NICOLE WILLIS: Keep Reachin' Up: Remixed (Label: ATC Recordings)

Saturday, 08 December 2007 08:11 Bill Buckley E-mailPrintPDF

NICOLE WILLIS: Keep Reachin' Up: Remixed

Nicole Wills and the Soul Investigators' 'Keep Reachin' Up' was one of the biggest underground soul successes of 2007. It crept out of the cold wastes of Scandinavia and quickly won over Northern soulies, modern room people, the chattering classes and media types like Jonathan Ross and Mark Lamarr. The album's appeal was obvious - like all best soul, the simple approach was shown to be the best and Nicole's committed vocals over the Investigators' tight tracks got it just right. In an attempt to capitalize on the LP's success, the label has offered the album to all kinds of trendy remixers and it probably won't surprise you to learn that, given what I've just said, by and large, they shouldn't have bothered. Clever, pretentious desk twiddlers like Raw Fusion's Simbad quite take all the soul away from stuff like 'Invisible Man', while Mike Slott's take on the 'Soul Investigators' Theme' is far too fractured to connect with the soul in the titling. Where the new takes work is where the new boys keep things simple. So on the new look at the title track Rob Life uses samples from the James Brown archive and you'd be forgiven for thinking you'd stumbled across an old Lyn Collins' cut. Mr. Scruff conjures up the funk too on his look at 'This Ain't Love', livening it all up with Herbie Mann-style flute, while Aaron Jerome just about gets 'Feeling Free' right too - plucked strings and samba style percussion add interest. Elizabeth Shepherds' alternate mix on 'If This Ain't Love' is interesting too - setting the piece in the cool world of the jazz lounge - but for the rest, well, I'd stick with the original incarnations.
(BB) 3/5


THE DELFONICS : 'La La Means I Love You' and 'Sound Of Sexy Soul' (Label: Kent)

Friday, 07 December 2007 12:01 Charles Waring E-mailPrintPDF

THE DELFONICS : 'La La Means I Love You' and 'Sound Of Sexy Soul'

Before his lush, symphonic production style and penchant for an infectious melody helped transform '70s soul groups The Stylistics and Spinners into household names, Thom Bell worked behind the scenes at Stan Watson's Philly Groove label with Philadelphian vocal trio, The Delfonics. Thanks to Bell's songwriting prowess and skill as an arranger, the group led by the soaring, sweetly seraphic falsetto voice of William Hart, enjoyed a slew of US chart hits (and three UK ones) beginning with an insanely catchy romantic ode called 'La La Means I Love You,' in 1968. It became the title song of the group's debut album, which is combined here on this new 'twofer' with the group's second opus, the dubiously titled 'Sound Of Sexy Soul,' from 1969. In addition to both albums, there's also a non-album bonus cut in the shape of the 45, 'You Got Yours And I'll Get Mine,' while detailed liner notes by Tony Rounce (who sources Tony Cumming's long out-of-print book, 'The Sound Of Philadelphia' for information) illuminate the group's background and musical roots. Like many soul acts of that particular era, The Delfonics were short of original material and padded out their LPs with cover versions - for example, 'La La Means I Love You' features the group doing MOR staples like 'The Shadow Of Your Smile,' 'Alfie' and 'The Look Of Love,' while 'Sound Of Sexy Soul' boasts revamps of 'Let It Be Me,' 'Ain't That Peculiar,' 'Goin' Out Of My Head' and 'Scarborough Fair.' The covers are fair to middling but what redeems the albums is the exceptional quality of the Bell-Hart scribed material - exemplified by gems such as 'I'm Sorry,' 'Break Your Promise,' 'Losing You,' 'You're Gone,' 'Can You Remember,' 'Loving Him' and the fantastic 'Ready Or Not Here I Come.' The orchestration, too, is a revelation, with Bell favouring mellow orchestral French horns, opulent strings, glockenspiels and swirling harps. His groundbreaking work here paved the way for future Philly groups like Blue Magic and the Stylistics. Believe me, Philly soul doesn't get much sweeter than this.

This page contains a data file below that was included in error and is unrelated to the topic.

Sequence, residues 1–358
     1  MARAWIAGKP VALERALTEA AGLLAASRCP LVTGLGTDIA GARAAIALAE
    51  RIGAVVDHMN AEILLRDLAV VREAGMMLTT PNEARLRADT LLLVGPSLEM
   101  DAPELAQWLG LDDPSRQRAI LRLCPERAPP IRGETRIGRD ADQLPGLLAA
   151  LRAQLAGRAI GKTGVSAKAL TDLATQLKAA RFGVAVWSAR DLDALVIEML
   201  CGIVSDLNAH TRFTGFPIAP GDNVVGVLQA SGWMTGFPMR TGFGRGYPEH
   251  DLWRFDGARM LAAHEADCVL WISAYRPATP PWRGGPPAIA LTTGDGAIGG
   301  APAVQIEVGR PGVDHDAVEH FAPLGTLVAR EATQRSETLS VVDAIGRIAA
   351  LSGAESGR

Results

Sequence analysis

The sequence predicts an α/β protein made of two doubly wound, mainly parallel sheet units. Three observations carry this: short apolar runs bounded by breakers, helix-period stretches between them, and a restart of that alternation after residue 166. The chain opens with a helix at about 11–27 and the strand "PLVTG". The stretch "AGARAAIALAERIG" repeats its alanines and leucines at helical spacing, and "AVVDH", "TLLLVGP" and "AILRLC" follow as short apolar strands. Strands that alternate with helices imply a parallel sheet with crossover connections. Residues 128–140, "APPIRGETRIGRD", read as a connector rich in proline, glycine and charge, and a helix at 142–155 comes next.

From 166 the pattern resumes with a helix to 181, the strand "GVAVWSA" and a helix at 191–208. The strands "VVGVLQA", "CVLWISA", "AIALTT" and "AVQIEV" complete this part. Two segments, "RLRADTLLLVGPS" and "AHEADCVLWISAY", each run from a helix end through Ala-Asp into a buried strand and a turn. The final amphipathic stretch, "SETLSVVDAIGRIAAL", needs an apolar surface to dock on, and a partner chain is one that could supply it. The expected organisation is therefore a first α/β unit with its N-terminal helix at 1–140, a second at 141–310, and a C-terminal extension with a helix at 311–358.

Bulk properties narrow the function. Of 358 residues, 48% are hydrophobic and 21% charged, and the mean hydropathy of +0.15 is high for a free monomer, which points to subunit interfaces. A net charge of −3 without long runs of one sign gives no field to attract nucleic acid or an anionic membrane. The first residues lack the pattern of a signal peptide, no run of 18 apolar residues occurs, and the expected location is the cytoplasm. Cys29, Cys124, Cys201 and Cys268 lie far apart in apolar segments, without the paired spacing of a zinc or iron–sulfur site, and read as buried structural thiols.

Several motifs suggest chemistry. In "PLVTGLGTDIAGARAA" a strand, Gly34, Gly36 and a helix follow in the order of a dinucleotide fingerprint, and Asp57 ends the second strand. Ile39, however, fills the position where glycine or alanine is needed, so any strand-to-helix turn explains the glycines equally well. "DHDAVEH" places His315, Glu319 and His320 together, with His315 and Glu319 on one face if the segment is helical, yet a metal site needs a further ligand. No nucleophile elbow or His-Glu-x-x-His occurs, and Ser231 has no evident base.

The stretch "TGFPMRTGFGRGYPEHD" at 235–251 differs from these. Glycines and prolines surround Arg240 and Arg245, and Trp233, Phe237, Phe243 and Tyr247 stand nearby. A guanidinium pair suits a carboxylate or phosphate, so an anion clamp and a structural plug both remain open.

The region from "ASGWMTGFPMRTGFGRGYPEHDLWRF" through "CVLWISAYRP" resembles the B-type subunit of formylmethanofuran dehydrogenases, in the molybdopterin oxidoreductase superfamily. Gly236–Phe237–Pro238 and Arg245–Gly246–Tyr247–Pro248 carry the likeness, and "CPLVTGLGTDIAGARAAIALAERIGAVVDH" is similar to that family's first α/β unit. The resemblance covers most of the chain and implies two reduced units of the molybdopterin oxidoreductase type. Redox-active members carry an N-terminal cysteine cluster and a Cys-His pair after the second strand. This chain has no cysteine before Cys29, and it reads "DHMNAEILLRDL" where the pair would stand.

(CW) 4/5


JUA: Anticipation (Label: Chocolate Chi Muisc)

Wednesday, 05 December 2007 13:55 Bill Buckley E-mailPrintPDF

JUA: Anticipation